04 November, 2009

Lyons Book Review

Well, I finally finished the Lyons book, The House of Wisdom, and what can I say other than it is such a great read! While it seems to be a little dry at first, part way through the first chapter the pace picks up. I found myself not wanting to put it down, but my tired eyes required that I do. Following is the actual review that I submitted as my class assignments:


Jonathan Lyons breaks his book, The House of Wisdom: How the Arabs Transformed Western Civilization, into four sections: night, morning, mid-day, and afternoon. Each of these sections represents a specific time in the day of a Muslim – that is a specific time of prayer. In contrast, they also seem to represent a specific time in Muslim or Arab history. The first section, night, represents the end of a “golden age” while at the same time the coming of new ideas into Western Europe from the East. Lyons discusses the Crusades at length during the “night”. His main “character” here, and throughout the book, is Adelard of Bath who was considered one of the top intellectuals from England. Another way to look at the “night” section is “the Dark Ages” as this is the time when Europe and the West were in the throws of the Dark Ages and intellectual life was at a stalemate.

The next section, “morning”, could be equated to the dawn of the new intellectual age in the Middle East. This was a time period when knowledge was being translated from Persian, Hindu, and Greek texts into Arabic. In this section, Lyons discusses the role of the Abbasid Caliph Ma’mun in bringing a plethora of knowledge into the Middle East. He also discusses the establishment of a centralized location where this scholarly work can be accomplished: that being the House of Wisdom. It is because of and within the House of Wisdom the Arabs were able to make a number of scientific and mathematical improvements on existing texts. It is also for this same reason that a new way of thinking began to emerge from the Middle East: deductive reasoning or critical thinking.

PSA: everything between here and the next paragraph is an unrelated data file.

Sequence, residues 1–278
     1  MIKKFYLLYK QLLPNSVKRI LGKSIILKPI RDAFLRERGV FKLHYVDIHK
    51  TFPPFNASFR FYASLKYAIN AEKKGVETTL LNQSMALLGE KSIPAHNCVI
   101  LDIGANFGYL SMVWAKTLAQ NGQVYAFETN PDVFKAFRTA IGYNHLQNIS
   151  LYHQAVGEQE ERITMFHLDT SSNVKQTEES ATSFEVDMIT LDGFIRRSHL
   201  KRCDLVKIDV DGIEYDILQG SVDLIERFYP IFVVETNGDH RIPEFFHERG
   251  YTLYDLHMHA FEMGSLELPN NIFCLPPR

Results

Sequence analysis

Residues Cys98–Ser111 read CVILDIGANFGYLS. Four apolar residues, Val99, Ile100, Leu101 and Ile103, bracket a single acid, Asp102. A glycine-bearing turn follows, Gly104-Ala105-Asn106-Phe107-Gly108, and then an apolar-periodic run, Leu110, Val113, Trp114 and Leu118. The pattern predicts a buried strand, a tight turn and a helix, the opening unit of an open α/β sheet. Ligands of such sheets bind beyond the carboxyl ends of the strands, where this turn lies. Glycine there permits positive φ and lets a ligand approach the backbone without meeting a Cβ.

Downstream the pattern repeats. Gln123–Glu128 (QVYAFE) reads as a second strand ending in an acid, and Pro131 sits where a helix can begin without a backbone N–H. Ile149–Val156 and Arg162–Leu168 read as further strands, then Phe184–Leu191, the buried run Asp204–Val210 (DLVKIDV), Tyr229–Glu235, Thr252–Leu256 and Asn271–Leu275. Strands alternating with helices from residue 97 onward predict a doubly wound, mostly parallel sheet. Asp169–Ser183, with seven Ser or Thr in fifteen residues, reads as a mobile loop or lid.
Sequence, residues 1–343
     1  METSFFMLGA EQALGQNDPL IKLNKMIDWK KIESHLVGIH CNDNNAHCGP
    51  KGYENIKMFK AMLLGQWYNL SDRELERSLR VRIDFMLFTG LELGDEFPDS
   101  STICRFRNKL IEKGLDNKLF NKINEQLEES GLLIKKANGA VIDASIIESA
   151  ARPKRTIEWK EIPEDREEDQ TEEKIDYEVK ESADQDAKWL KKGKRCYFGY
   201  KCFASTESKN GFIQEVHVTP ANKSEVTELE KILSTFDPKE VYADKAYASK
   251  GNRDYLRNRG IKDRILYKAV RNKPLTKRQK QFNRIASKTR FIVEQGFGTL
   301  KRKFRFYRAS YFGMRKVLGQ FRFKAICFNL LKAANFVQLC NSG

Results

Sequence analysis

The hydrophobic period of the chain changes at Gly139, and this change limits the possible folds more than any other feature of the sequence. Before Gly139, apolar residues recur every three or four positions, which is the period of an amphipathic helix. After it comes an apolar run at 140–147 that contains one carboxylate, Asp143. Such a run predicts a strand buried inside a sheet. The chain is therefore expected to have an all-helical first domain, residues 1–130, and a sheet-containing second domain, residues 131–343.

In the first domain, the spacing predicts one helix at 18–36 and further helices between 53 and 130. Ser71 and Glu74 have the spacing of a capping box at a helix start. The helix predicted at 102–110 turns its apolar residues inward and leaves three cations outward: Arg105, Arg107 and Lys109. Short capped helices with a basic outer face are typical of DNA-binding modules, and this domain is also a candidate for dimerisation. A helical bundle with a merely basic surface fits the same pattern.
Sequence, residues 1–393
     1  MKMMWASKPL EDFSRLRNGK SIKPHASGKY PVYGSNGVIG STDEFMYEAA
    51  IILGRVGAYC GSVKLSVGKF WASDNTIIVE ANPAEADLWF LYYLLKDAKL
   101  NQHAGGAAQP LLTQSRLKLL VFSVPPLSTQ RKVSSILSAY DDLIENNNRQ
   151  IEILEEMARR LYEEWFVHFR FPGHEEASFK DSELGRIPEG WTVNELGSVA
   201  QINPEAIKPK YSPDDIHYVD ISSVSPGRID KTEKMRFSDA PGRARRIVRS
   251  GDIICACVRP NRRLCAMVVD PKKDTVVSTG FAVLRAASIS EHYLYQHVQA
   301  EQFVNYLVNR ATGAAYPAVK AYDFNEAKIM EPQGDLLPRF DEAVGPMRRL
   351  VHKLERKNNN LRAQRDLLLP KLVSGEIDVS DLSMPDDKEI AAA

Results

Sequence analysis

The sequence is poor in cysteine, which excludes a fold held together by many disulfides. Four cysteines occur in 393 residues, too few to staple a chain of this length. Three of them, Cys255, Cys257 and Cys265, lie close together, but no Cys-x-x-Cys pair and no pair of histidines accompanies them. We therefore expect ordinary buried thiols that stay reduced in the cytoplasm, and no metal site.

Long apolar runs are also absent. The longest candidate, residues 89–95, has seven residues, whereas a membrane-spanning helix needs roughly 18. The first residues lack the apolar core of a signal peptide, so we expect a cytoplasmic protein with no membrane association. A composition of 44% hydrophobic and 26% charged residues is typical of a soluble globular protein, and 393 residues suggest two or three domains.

The third section, “mid-day”, goes back to the time of the Crusades and Adelard of Bath. Here, Lyons discusses the new knowledge coming into Europe and the welcome it received, both positive and negative. Because Europe relied heavily on the teachings of the church, this new knowledge was not welcomed in theological circles. In academia, however, this same knowledge was highly welcomed. It created new university towns such as the University of Paris and Oxford University. Much of the works in Arabic were translated into Latin so scholars in the West could understand them. Ironically, much of this translation took place in the monasteries by monks.

The final section, “afternoon”, pushes forward with the continuing of translation into Latin those works from the East. Lyons discusses, at length, the patronage of Frederick II to learning all that he could from the Arabs. He brings into his realm learned men such as Michael Scot, Leonardo of Pisa (aka Fibonacci), and even Thomas Aquinas, all of whom were eager to learn from the Arab texts. The primary focus of this section is the theological disputes between Frederick II and the rest of Christendom. Frederick II is said to have taken on a Muslim lifestyle including chanting the five daily prayers; and his court followed his example.

Overall, this book has a lively read to it and the subject matter is crucial to the understanding of Arab thinkers during the Abbasid Caliphate. Lyons does a good job of showing the overall progression of knowledge from Baghdad into the realm of Europe. He also does a wonderful job of explaining not just the initial contact of the East with the Greeks, Persians, and Indians, but of the improvements made upon these works by the Arabs within and without the House of Wisdom.


I formatted as if I would submit it to a scholarly journal in order to get the practice. I am still waiting on feedback from both professors (as I submitted to both classes for different purposes). Next on my reading agenda is a book by Dr. Bernard Lewis, The Arabs in History, as well as a book by Howard R. Turner, Science in Medieval Islam.

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